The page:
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Les Échos also interviewed our CEO & Founder, discussing Bondora’s history, passing the €100M mark and cross-border ambitions for the future.

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AltFI News asked a number of industry experts about the potential for Amsterdam to cement its position as European Fintech hub, or if there will be multiple European hubs in the aftermath of Brexit.

October 2017 industry news recap

P2P-Banking covered the highly anticipated annual Lendit Europe conference in October which is known as an ‘Event for Innovation in Financial Services’. 3 predictions put forward for online lending by Renaud Laplanche, CEO of Upgrade, were:

  1. The growth of online lending will accelerate in the next 15 months
  2. An organized secondary market for online loans will emerge in the next 15 months
  3. Continued re-bundling will give birth to at least one major consumer product innovation in the next 15 months

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CityAM published an interesting piece comparing Lego with P2P lending. One of the most interesting comparisons put forward is that Lego has survived and thrived in the past decade due to its ability to embrace change and technology, diversifying from its traditional product. Similarly, the P2P has done exactly the same by embracing the world of borrowing and investing to create a product that benefits even more people.

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Business Standard discusses the important topic of trust and transparency in the global P2P markets. As the P2P industry expands in India, the Reserve Bank of India (RBI) is following the UK, US and China in implementing a macro regulatory framework. This shows that they are not only embracing the industry, but they are helping to boost confidence in investors and borrowers.

Monthly finance industry news from September 2017

News from around the world

Banking Exchange published a piece asking if marketplace lending nearing maturity. Keith Noreika, acting Comptroller of the Currency in the U.S., stated “Startup funding fades and shareholders begin to demand performance, or at least progress toward profitability.” However, it’s worth noting that Noreika was previously a lawyer working to protect banks and now “many of his former clients are regulated by the Office of the Comptroller of the Currency,” according to the NYT.

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American Banker discussed the growing debate concerning the appropriate level of regulation required for P2P businesses. Arthur Levitt, the former Securities Exchange Commision Chairman, remarked that “Fintechs tend to march to their own rules.” However, those opposing Levitt have cited that even established, traditional institutions have experienced plenty of scandals.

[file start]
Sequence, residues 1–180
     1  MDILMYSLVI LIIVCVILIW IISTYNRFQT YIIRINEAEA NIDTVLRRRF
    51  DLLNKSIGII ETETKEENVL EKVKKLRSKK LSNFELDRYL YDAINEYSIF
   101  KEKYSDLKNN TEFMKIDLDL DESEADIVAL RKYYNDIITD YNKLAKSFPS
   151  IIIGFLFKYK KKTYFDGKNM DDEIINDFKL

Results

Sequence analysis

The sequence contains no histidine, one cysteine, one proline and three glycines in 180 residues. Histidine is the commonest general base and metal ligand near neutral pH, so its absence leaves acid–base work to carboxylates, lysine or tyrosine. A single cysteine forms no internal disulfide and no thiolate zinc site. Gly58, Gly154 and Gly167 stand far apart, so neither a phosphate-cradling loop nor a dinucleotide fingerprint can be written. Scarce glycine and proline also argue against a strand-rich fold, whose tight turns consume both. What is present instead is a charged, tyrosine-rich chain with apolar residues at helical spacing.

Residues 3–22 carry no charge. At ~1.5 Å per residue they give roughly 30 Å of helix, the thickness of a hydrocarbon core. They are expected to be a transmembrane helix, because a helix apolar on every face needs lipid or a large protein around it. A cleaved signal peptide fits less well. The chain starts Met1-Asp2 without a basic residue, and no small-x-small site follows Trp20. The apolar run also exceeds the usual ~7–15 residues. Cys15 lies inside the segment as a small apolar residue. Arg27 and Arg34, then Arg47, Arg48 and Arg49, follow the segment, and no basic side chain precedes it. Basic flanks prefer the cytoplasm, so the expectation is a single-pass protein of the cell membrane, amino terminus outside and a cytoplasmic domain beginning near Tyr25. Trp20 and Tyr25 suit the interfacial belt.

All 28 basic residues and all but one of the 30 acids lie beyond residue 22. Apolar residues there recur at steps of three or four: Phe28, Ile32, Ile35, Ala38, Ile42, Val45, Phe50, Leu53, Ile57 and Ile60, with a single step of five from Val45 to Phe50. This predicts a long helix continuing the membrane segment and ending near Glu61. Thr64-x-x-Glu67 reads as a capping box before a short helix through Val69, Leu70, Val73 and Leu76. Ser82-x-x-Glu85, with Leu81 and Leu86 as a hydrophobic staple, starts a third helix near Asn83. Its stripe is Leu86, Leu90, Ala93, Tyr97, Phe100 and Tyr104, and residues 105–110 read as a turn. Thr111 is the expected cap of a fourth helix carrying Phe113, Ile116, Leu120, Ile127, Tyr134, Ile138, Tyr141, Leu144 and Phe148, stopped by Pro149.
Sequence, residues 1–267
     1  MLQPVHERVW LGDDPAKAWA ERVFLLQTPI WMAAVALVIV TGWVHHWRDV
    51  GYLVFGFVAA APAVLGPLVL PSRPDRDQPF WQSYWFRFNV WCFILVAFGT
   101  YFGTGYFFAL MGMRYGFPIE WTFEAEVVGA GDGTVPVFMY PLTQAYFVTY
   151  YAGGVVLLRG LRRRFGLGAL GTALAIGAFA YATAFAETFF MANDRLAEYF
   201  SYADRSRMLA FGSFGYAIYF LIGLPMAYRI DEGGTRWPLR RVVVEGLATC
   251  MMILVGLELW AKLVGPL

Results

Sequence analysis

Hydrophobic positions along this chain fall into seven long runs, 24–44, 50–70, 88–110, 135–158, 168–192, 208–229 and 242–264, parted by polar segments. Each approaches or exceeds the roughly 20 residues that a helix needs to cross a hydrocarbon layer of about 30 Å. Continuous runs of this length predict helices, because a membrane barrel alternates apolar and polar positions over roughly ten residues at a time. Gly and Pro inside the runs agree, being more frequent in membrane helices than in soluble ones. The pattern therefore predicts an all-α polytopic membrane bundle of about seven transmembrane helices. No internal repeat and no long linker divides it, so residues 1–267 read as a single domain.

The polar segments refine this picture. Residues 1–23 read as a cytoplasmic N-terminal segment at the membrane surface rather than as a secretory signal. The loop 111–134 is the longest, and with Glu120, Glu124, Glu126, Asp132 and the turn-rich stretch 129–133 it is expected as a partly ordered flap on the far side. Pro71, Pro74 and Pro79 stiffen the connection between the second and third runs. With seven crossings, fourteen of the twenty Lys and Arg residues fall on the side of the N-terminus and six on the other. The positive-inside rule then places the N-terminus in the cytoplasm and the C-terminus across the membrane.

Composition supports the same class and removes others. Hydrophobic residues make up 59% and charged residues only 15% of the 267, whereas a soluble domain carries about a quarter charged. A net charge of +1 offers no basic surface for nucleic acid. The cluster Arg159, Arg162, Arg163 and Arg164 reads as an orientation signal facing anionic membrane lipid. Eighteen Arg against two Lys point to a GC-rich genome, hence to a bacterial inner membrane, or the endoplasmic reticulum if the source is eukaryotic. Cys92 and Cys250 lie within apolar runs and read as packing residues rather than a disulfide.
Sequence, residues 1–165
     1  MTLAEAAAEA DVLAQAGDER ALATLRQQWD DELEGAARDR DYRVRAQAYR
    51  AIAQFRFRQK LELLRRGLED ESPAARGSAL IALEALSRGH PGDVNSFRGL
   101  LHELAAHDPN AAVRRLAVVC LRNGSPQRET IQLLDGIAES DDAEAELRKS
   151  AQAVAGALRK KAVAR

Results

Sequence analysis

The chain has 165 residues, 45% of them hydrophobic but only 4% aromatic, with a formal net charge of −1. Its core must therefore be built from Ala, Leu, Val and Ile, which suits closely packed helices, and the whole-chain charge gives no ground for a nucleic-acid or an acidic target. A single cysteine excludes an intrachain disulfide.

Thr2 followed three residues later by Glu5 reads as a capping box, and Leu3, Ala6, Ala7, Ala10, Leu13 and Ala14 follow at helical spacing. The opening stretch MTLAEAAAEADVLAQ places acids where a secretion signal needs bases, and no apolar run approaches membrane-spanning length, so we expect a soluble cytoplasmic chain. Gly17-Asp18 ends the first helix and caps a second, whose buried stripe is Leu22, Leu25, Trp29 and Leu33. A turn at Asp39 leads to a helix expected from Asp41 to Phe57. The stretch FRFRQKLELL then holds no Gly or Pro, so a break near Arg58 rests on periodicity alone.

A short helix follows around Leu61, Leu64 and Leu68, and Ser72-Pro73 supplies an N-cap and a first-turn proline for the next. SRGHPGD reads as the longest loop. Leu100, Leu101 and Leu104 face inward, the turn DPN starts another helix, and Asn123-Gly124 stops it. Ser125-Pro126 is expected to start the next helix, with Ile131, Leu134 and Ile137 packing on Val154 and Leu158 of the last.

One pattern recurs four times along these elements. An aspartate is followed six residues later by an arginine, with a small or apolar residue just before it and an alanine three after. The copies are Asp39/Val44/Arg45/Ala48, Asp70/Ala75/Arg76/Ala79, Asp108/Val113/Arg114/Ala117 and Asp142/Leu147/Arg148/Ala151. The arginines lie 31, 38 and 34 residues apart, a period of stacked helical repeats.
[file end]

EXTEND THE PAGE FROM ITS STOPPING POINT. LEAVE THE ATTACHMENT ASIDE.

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Forbes looked at ways in which consumers can use P2P loans to pay off high interest debt. One of the major benefits discussed is the fact that P2P loans are unsecured, meaning the borrower is not obligated to tie the amount back to an asset. Additionally, many people who rely on P2P funding can repay their loan at a lower interest rate than what they experience with regular card payments.

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The Economic Times looked at ways people can supplement their retirement income with P2P lending. The author looks at the rising cost of living and how many retirees are faced with a shortfall in savings. The cited benefits to investing in P2P lending are, diversification, returns uncorrelated to the stock market, and compounding. While the author discuss these benefits in the context of India, the concepts apply to all nationalities.

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The Sydney Morning Herald reported on how “yield-hungry investors switch their cash to peer-to-peer lenders.” Much of this comes from historically low interest rates that make savings accounts less desirable. Moreover, P2P investing still provides a level of liquidity that’s agreeable to younger investors that want to maintain access to their cash.

Bondora mentions

Lending Times and Crowdfund Insider made note of our recent accomplishment, sharing that 28,639 users have invested 102 million through our platform.

Weekly industry news roundup – September 11, 2017

News from around the world

Forbes had a creative take on marketplace lending suggesting that it could be used to handle high interest debt. The author suggests that the “soft pull” on one’s credit report is less burdensome to a credit score. In many cases the interest rate will be less and therefore more amenable to those with heavy debts.

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Financial Express offered an overview of the basics behind P2P lending. Transparency, speed and paperless transactions were all cited as benefits to this new form of lending. Meanwhile lenders “in the past few years have seen an average return between 12% and 18% annually.”